Gabbroic inclusions newly found in the Yakeno lava flow, erupted about 1300 years ago on the northwestern flank of Fuji volcano, are divided into two groups; one consists of troctolite and the other consists of olivine gabbronorite and gabbronorite. Troctolite fragments are considered to originate from shallow dykes because of their mineral composition and high porosity. On the other hand, estimated equilibrium conditions of gabbronorite and olivine gabbronorite are 1020-1050°C and 250-380MPa, showing their deep origin; probably they had been caught in the Yakeno magma (i.e. the magma erupted as the Yakeno lava flow) at differentiated small magma bodies just above a substantial basaltic magma chamber of Fuji volcano. Pre-eruptive temperature and water content of the Yakeno magma are evaluated by olivine-liquid thermometer and plagioclase-liquid hygrometer to be 1090°C and 2.8wt%, respectively. So the viscosity of the Yakeno magma is calculated to be several tens Pascal second. Therefore the minimum ascent velocity required to lift the gabbroic fragments is ca.10m/h, implying that the Yakeno lava flow had ascent without significant pause en route to the surface.
We collected information on non-magmatic unrest events reported mainly of Japanese volcanoes that have been monitored for extended time periods, with the aim of conducting a statistical evaluation of these phenomena, which can sometimes lead to an eruption. We assessed the geomagnetic field changes and ground deformation, which indicate demagnetization and inflation, respectively. We then compiled the source depth, intensity, and the rate (i.e., magnetic moment rate / deformation rate), based on the single magnetic dipole model or the Mogi model, since these models are the most frequently cited in the literature. We found clear positive correlations between the source depth and its intensity and rate, exhibiting a linear trend on the log-log scatter plots. We confirmed that all the magnetic events and some of the deformation events were plotted markedly above the cutoff line related to the detection limit. We suspected that the geometry of the monitoring network and/or the simplistic point-source modeling could contribute to these positive correlations; otherwise some physical requirements such as subsurface structure might be the cause.
Although the number of unrest events collected was small, we investigated the validity of the evaluation of these unrest events from different viewpoints. Upward deviation from the linear trend on the scatter plot was found to be a potentially useful criterion, whereas the source depth had no definitive relationship with the subsequent occurrence of eruptions.
We assert that observable non-magmatic unrest events should be plotted within a diagonal area between the lower-right and upper-left domains in a scatter plot of source intensity (or rate) and depth. This is because weak sources at great depths cannot be detected, while overly strong sources close to the ground surface are physically impossible. In the intermediate zone, “unerupted” and “erupted” unrest events both occur. Based on this idea, we propose a statistical evaluation of the severity of unrest events, by measuring the deviation from the “unerupted unrests”, although this hypothesis must be tested with a sufficient number of unrest events in the future. Meanwhile, care must be taken in interpreting the data collected here, since they are based on the simplified point-source models that assume a uniform half-space, and they may not accurately recreate the physical entities.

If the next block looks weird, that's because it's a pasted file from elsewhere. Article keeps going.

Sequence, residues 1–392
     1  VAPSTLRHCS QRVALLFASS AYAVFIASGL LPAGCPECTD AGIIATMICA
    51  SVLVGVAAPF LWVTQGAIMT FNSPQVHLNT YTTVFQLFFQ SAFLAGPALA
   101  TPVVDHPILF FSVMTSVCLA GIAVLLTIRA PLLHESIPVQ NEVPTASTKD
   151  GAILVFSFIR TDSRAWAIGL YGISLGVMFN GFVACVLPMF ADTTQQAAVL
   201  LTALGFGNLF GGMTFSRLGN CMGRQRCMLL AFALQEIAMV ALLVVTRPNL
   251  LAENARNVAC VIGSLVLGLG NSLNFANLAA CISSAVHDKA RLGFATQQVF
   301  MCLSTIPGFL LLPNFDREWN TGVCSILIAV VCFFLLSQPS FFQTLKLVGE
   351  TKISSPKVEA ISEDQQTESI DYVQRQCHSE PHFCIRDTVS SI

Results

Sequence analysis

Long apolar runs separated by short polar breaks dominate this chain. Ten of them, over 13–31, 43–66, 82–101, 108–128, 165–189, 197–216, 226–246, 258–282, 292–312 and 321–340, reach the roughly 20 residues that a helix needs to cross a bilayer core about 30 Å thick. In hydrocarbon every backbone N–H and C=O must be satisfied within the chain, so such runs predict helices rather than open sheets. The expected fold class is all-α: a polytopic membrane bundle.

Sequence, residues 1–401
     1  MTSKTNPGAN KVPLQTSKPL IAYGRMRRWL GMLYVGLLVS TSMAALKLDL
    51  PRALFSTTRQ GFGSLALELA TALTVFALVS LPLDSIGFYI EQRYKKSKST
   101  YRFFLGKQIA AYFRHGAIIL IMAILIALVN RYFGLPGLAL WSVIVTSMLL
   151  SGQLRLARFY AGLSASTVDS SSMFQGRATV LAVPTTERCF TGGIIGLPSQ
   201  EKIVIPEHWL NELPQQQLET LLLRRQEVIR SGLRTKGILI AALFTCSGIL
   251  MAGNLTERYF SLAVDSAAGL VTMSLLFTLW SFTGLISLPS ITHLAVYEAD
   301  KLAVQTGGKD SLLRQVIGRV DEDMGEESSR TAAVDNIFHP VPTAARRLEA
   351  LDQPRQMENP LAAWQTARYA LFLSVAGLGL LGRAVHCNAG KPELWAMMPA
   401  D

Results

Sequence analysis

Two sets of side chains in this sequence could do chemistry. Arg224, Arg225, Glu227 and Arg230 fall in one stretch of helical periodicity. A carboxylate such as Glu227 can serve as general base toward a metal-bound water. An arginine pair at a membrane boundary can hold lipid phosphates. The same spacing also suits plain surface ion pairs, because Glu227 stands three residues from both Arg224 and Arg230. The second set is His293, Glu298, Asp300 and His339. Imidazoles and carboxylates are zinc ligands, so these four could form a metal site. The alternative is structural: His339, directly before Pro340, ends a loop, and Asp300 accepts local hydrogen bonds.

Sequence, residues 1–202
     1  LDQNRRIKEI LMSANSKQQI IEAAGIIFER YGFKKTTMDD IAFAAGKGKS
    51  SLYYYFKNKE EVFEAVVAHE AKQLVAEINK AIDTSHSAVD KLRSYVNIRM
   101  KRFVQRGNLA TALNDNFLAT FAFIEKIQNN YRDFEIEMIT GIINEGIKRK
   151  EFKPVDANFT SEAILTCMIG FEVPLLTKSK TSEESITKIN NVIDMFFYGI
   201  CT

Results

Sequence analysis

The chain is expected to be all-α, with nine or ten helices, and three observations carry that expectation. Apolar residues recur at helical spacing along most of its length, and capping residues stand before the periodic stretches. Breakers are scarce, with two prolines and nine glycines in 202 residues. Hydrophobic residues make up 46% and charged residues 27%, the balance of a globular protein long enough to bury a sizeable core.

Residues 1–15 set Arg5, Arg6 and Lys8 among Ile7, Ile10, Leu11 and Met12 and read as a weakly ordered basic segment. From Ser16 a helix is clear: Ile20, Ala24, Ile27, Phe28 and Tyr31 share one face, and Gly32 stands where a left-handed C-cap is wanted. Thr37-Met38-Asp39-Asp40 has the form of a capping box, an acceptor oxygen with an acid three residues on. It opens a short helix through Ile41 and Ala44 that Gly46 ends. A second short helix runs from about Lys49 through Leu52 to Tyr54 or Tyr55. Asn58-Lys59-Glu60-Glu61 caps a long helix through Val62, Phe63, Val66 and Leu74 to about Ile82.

Further studies that can relate the physical conditions and their time evolution in the subsurface to geophysical monitoring records at the ground surface will be necessary to evaluate how such unrest events are related to eruptions.
Volcanic gases are derived from a magma or a hydrothermal system, which are sources of magmatic or phreatic eruptions, respectively. Changes in a magma or a hydrothermal system, leading to eruptions, likely cause changes in volcanic gas emission rate and compositions. SO2 emission rates correlate well with volcanic activities and precursory changes of the emission rates are also common. The SO2 emission rate also tell us a volume and a degassing rate of the SO2 sources, that can constrain processes of magma ascent or crystallization. CO2/SO2 ratios increases are observed prior to major eruptions of volcanoes with Strombolian activity by automatic monitoring of volcanic gas compositions, and are attributed to accumulation of CO2-rich bubbles in a magma chamber. Common occurrence of excess degassing by explosive eruptions implies an eruption of a bubble-rich magma, suggesting that a bubble accumulation is a necessary condition of an eruption. Various precursory signals are observed prior to phreatic eruptions but quantitative modeling of the processes is not simple because the volcanic gas compositions are largely affected by various reactions at a shallow hydrothermal system. Combination of volcanic gas emission rate and composition monitoring data may help us for the quantitative evaluation of the volcanic gas changes associated with phreatic eruptions.
Based on the history of volcanic activity of Zao stage VI, we examined possible courses of future activity of Zao volcano. All activities will start with precursory phenomena. Next, phreatic eruptions from Okama crater or other place inner part of Umanose caldera will occur, and may cause ballistic materials release, ash fall, pyroclastic surge, and lahar. The possibility of small scales edifice collapse and lava flow swelled out is very low but should be included. When the activity progresses, magmatic eruptions will be taken place from Goshikidake, and cause same phenomena as in the phreatic eruptions but larger in scale. The possibility magmatic eruption takes place without preceding phreatic eruption can not be excluded. Rarely, the activity will go up further and resulted in sub-Plinian eruption. Aside from the above sequence, larger scale phreatic eruption from Goshikidake area should be listed, although the possibility of this is very low.